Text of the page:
Twelfth Sunday after Pentecost

In all of our forgetting, God has not forgotten us

A Widening Circle, photo
"via Unsplash," by Patrick McManaman; licensed under CC0.

August 20, 2023

Alternate First Reading
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Commentary on Genesis 45:1-15

The book of Genesis not only recounts the creation of the world, but also details the narrative arc of the early Israelites. After the primeval history (chapters 1-11), the rest of the book of Genesis may be understood as a series of successive narratives centered around the major patriarchs. The story of the Israelites unfolds with stories of Abraham (chapters 12-36), Isaac and Esau (chapters 25-37), and Jacob (chapters 37-50). 

Much of the Jacob narrative pivots on the story of his son, Joseph, who dreams a dream that upsets his brothers and ends with him serving as the vizier to the pharaoh during the time of famine. Indeed, Pharaoh appoints Joseph to manage Egypt’s grain rations in response to Joseph’s interpretation of his disturbing dreams of lean and fat cows and thin and plump ears of grain.   While the rest of the world suffers lack due to the famine, under Joseph’s direction, the grain storehouses of Egypt provide sustenance for those who could afford to pay. Most readers of Genesis 45 focus their attention on the relationship between Joseph and his brothers and understand this text to be about family, forgiveness, and providence. Mercy is, indeed, an important theme of this text; however, when modern readers interrogate this text with an eye towards Jacob and not towards Joseph and his brothers, this text becomes a story of God providing despite our shortcomings and missteps; despite all the things we would like to forget.  

Genesis 45 from Jacob’s perspective

In Genesis 45, the aging patriarch Jacob has sent his sons to find sustenance for the household during a prolonged famine in the land of Canaan. This same Jacob has experienced a life full of joys, wonder, and heartache. By this point in his narrative, Jacob has journeyed to find his wife. He immediately is smitten by Rachel, but is tricked into marrying her older sister, Leah. In order to earn the second daughter as a wife, he works some extra years for Laban. Jacob, Leah, Rachel, and their two respective maidservants (Bilhah and Zilpah) expand their family and – between them – birth 12 sons and one daughter. For all of the joys that the family life may have brought Jacob, there are many instances that were not so joyful. 

Indeed, Jacob’s life is peppered with instances that, in his old age, he might want to forget. Jacob may want to forget how, when he was a foreigner in the land of Shechem, the prince of the city transgressed a social boundary by sexually violating his daughter, Dinah, and he took no immediate action to defend the family honor. Jacob may want to forget how his sons retaliate against the Shechemites in ways that make his continued presence there difficult, so he eventually relocates to Beer-Sheba. Jacob may want to forget how his beloved Rachel longed for a child and eventually died in childbirth. Certainly, Jacob may want to forget the day his sons returned home and told him that his favorite son, Joseph, had been killed by a wild animal. An aging Jacob would have survived the social disgrace of the violation of his daughter, Dinah, and also mourned the loss of Rachel and Joseph. Then a famine threatens the livelihood of those living in the land of Canaan and Jacob himself seemingly has no way to provide for his household which now consists of his remaining wife, Leah, the handmaidens, Bilhah and Zilpah, and his eleven sons and their families. Indeed, in his old age, Jacob might earnestly regret the choices he made in his lifetime.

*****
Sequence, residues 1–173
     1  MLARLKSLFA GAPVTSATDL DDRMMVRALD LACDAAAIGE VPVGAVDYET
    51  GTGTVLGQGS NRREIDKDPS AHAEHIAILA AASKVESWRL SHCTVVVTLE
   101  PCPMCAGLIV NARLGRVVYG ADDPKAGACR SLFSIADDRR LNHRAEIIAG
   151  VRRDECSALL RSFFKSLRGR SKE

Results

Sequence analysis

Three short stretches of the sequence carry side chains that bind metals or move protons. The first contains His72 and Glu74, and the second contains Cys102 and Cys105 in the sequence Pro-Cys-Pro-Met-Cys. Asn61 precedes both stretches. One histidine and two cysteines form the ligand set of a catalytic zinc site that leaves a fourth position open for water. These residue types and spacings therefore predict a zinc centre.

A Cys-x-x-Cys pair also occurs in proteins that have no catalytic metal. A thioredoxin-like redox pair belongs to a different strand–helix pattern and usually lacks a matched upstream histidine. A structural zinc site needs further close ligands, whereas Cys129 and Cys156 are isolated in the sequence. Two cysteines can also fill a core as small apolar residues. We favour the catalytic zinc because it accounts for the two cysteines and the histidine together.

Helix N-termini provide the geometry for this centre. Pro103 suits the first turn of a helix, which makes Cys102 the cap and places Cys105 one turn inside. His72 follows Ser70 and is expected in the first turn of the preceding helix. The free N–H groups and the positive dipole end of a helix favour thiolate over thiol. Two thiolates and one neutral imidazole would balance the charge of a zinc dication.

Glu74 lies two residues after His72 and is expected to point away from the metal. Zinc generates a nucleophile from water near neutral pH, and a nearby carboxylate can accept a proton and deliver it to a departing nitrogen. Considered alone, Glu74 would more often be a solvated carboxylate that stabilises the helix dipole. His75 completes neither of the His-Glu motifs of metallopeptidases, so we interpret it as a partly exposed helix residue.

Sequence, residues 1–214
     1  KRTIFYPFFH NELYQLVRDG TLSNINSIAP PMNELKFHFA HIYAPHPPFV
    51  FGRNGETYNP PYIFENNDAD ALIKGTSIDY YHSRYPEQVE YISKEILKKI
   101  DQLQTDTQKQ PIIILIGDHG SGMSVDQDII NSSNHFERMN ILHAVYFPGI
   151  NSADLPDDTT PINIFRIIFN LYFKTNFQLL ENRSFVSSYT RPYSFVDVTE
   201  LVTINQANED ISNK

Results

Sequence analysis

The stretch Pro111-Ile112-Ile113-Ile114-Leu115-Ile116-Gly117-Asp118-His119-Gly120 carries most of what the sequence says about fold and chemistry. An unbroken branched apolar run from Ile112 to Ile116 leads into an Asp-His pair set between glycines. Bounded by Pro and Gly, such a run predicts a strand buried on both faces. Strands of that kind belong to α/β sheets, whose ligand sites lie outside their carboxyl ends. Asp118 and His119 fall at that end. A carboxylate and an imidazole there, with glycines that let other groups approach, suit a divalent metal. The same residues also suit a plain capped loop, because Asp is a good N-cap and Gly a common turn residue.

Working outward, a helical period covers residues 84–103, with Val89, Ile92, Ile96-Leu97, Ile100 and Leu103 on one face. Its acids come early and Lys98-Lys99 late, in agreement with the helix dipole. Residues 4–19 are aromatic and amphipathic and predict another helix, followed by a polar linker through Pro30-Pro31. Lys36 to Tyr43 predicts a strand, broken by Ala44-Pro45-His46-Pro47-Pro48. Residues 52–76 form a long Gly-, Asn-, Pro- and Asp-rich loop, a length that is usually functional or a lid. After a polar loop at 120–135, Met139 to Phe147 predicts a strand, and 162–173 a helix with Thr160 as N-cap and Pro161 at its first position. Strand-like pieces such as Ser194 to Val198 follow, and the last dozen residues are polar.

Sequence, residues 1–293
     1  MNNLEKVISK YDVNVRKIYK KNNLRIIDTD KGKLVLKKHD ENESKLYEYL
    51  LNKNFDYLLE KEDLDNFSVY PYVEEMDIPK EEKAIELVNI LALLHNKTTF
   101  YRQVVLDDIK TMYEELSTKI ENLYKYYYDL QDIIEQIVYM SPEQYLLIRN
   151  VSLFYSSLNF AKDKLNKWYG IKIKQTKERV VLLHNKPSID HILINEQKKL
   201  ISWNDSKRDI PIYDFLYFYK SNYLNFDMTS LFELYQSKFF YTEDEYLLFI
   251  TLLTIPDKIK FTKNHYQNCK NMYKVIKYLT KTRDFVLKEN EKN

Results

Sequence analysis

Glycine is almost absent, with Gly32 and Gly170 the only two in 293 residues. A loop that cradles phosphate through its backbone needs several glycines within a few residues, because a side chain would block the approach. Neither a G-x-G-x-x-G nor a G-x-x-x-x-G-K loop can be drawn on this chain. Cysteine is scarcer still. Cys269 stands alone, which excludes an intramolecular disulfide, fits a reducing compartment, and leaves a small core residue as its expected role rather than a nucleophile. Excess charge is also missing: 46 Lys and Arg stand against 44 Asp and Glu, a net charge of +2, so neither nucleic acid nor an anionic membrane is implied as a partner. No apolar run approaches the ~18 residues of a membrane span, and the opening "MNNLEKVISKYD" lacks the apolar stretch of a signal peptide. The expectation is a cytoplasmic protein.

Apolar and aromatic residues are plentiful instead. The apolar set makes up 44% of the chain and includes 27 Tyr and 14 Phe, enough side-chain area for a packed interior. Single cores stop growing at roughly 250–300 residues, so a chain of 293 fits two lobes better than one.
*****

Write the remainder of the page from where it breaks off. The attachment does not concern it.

In his old age, Jacob may have questioned choices he made as a young man: not honoring the place of his older brother and his birthright, not protecting his daughter, and not providing for his family. Jacob might earnestly have many regrets. Yet in Genesis 45 it seems God has decided to provide for Jacob and his family despite all the things Jacob may want to forget. Indeed, by positioning his son, Joseph, in a place of power and influence in Egypt, God ensures Jacob does not perish during the famine. Indeed, Jacob and his family migrate to Egypt and are given the best of the land of Egypt by the pharaoh (Genesis 45:18).

Lesson for modern readers

As humans, we forget. As mere mortals, we often do things we want others to forget. Furthermore, despite the command to “love thy neighbor,” we forget about others. But one lesson from Genesis 45 is that in all of our forgetting, God has not forgotten us. We should be encouraged because, when read with an eye towards Jacob, this passage reminds us that, as Israel Houghton and New Breed sing, we are not forgotten. Regardless of the obstacles created by systems and policies, God has not forgotten. Despite the death-dealing circumstances, God has not forgotten. When it seems as if there is nothing for us, nothing to sustain us, God is with us.  Moreover, God may have been working through all our obstacles, challenges, circumstances, and missteps. Perhaps we should view the obstacles as opportunities to think differently. Perhaps we should view our challenges as chances to build physical or moral muscles that might otherwise atrophy. Perhaps reflecting on our missteps will help us make better choices in the future.